Health Minister David Ashford says the island has wasted very few Covid-19 vaccines, but 15 were thrown away in a single day as no one could be found to take them.
Mr Ashford was asked by Lawrie Hooper MHK what the island’s protocol is for surplus vaccine doses and how many have been thrown away.
In his response, the Minister said that there are ‘no surplus’ doses, but that some do become available when people don’t turn up for their appointments or when consent can’t be given for the jabs.
He added: ‘This can be a bigger issue with the Pfizer vaccine due to its limited shelf life, once thawed, of 120 hours. Part used vials of both vaccines have a shelf life of 6 hours from initial puncture, but surplus doses are minimised as much as possible by only starting vials if the recipients are on site.
‘Live clinic lists are monitored by the staff at the vaccination hubs and where cancellations are known in advance, either these staff members or the 111 team will try and fill the cancellations and if early enough in the day any DNA’s.
The potential of wastage is when insufficient people who are booked are willing or able to move their appointments forward. Up until very recently this has not been an issue as the ability to bring forwards frontline health and social care workers to a hub has ensured that extremely low levels of ‘wastage’ have occurred, in the region of 1 or 2 doses per week.’
Mr Ashford said that as the rollout among DHSC staff has pushed on it has been harder to fill the spaces when they become available, however this has been mitigated by vaccinating other vulnerable people such as patients transfers or immunocompromised people.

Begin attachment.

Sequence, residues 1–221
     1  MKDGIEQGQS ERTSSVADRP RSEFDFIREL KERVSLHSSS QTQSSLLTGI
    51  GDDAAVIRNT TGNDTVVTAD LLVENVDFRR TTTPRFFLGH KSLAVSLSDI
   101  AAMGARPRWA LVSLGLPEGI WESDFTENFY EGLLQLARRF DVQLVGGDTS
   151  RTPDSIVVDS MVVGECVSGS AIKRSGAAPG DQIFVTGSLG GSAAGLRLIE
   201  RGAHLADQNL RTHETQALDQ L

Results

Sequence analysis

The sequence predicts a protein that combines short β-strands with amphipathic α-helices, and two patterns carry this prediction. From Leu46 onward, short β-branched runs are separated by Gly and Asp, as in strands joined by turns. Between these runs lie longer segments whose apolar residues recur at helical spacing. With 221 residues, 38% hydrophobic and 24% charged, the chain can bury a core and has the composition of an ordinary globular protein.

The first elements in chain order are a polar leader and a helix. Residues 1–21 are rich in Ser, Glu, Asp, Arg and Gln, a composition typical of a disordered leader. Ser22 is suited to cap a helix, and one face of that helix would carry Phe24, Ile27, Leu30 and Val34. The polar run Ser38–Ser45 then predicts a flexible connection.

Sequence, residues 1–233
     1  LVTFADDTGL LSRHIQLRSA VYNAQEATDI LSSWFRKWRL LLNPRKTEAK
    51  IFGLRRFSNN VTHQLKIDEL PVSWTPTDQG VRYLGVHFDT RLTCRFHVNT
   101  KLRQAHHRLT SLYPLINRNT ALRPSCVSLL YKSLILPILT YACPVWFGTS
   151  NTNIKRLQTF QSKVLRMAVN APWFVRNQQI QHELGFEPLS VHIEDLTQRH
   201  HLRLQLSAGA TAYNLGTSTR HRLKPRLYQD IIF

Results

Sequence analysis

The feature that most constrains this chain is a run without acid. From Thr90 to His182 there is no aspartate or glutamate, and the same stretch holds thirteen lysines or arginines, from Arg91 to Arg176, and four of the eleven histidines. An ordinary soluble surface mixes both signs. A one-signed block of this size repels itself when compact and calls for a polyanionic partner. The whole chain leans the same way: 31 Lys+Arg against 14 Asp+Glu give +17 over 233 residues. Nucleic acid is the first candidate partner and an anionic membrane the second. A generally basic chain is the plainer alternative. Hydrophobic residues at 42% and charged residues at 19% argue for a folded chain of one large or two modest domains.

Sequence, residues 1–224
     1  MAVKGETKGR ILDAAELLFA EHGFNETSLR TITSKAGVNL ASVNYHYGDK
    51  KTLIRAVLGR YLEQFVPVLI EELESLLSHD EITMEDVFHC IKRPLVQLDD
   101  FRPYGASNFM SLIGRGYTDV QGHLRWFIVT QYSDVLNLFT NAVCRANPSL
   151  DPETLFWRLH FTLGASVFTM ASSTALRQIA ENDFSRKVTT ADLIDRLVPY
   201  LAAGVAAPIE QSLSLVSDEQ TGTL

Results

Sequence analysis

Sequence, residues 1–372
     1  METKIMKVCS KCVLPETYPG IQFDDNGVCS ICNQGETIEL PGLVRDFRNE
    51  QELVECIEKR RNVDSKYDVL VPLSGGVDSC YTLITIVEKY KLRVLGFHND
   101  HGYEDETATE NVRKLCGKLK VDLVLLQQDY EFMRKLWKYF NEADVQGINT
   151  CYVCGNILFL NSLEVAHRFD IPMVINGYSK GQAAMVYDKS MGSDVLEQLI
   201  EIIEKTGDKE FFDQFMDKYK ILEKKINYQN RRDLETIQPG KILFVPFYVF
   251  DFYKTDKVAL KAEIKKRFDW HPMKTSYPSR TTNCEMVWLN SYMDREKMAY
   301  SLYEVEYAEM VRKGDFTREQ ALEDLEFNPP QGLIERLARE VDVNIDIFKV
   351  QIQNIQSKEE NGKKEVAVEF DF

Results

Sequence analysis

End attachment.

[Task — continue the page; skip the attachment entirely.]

He added: ‘This has meant that the most wastage occurred at the end of week commencing February 15, when it was not possible to find 15 people who were willing to come to Chester Street for a vaccination and those doses were wasted.
‘The vaccination board have been reviewing the position carefully, week on week, and have developed a protocol to have up to 10 persons per vaccination day, who have a vaccination booked, who are willing, at short notice to have their appointment brought forwards, should cancellations or DNA’s occur. This process is under trial now.’
This angered several groups who say they should be given the vaccine because of their job. One such group includes people working in special needs units for the Department of Education who have been told they will not be vaccinated alongside DHSC care staff.
In the UK, surplus doses are, where possible given to people next in the list for vaccines or those who register to be offered short notice appointments. But if this isn’t possible, clinics have taken to offering them to volunteers at the hubs and to people who live nearby in efforts to cut down on wastage.